1. In most of the cases, I received relevant and more or less correct responses to my questions, but not always. ChatGPT is not infallible, so a second review or double-checking of the facts and the literature can be necessary before we take the responses too seriously.
  2. I missed the references to the literature/documents/websites it had used to generate the answers.  I deem it important, where the information comes from or what legislation is the basis of its recommendation. When you ask ChatGPT to recommend literature on a given topic, it lists papers or books, thus, it solves the problem, however, relying exclusively on the answer can cause a one-sided or misleading approach.
  3. In most of the cases I had the feeling that during generating the answer, the aim was to create a lot of text rather than answering the questions in substance. I asked the very same question from a professional and from ChatGPT (I tried it with more questions and more subjects), and the main difference was every time, that the professional was more to the point, more practical, and more precise in reasoning or referencing.
  4. It is almost unbelievable that the software has no problem talking to us in other languages than English. I’m Hungarian, and my general experience is, that automated language translators or speech recognition do not work very well in my mother tongue. Although also ChatGPT does grammar mistakes, its performance is very high.
  5. Strategic and critical thinking has major importance when it comes to ChatGPT. You have to know what are the good questions or commands and be able to process the answers you receive in an appropriate way.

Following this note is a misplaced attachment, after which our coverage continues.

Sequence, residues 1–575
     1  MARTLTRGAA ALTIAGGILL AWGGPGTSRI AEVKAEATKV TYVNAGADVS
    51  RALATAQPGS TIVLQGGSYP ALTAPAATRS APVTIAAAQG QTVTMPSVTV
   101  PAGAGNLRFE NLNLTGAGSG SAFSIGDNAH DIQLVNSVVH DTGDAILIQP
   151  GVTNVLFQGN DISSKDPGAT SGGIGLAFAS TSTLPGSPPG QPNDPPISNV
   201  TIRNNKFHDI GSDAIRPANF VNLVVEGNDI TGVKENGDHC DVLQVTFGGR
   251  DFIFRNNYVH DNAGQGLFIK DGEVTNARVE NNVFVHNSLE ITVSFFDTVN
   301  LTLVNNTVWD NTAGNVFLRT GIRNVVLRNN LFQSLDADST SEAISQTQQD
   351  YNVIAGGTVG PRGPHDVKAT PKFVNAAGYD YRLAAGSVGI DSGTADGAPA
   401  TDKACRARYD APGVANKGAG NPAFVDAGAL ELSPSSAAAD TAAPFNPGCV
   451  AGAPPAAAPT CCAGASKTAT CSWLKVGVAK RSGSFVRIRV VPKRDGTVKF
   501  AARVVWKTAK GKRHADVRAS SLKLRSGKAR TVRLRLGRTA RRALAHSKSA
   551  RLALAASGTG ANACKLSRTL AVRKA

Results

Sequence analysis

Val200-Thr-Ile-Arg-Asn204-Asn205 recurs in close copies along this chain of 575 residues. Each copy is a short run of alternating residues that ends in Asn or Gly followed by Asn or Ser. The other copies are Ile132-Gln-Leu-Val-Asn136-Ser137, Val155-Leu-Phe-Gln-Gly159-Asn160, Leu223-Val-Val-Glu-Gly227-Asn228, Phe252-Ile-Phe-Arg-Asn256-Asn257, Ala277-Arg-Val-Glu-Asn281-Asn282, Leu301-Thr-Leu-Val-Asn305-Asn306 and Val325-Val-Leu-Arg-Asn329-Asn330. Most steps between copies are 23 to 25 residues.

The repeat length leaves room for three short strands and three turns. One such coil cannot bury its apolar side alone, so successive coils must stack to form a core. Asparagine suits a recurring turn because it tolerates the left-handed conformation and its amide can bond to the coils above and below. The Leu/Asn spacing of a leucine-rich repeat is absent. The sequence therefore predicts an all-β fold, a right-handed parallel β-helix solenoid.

6. ChatGPT can help you in starting your work or give you extra discussion points, but it won’t do your job. At least for now. I asked ChatGPT to write this post for me, then I flirted with the idea to use it as a co-author, but finally, I decided to write my own thoughts, and did not use a single sentence from the answers it gave me to my questions. So I wanted to speed up the work at least, but in fact, even his background research was incomplete. So much about replacement and copy-and-pasting.

In sum, we can say, that in spite of its deficiencies and (probably only initial) limitations, Chat GPT has already a huge potential in good hands. However, on the other hand, it also raises many questions related to ethics, disinformation, bias, or social consequences. Talking about the complete replacement of repetitive human jobs, ChatGPT can be a game changer, despite still having teething problems. Remember that one of the characteristics of artificial intelligence is its ability to learn, so it is constantly improving itself. ChatGPT or similar software will soon be able to provide relevant communication materials or give advice on well-formulated OD questions.

Will knowledge from texts available on the Internet be a substitute for real-life experience? That is a good question for the time being. ChatGPT received many criticisms from educators, journalists, artists, and public advocates, calling it a “stochastic parrot” (Hengel), a tool for disinformation and manipulation, or a source for many already visible and unforeseeable dangers.

Although we might have the feeling, that we have opened Pandora’s Box with ChatGPT, it is not even the only AI solution in our hands. Here are some examples that I haven’t tried yet, but saved for later: transforms text instructions into Excel formulas, generates presentation slides in multiple languages, creates images from text, or build websites based on user-given information. We can expect, that as the field continues to grow, new subfields may emerge and some subfields may become more and more specialized. ChatGPT is only the start, and it’s up to us what we do with it. The only one what we cannot do right now is to leave these potentials out of consideration.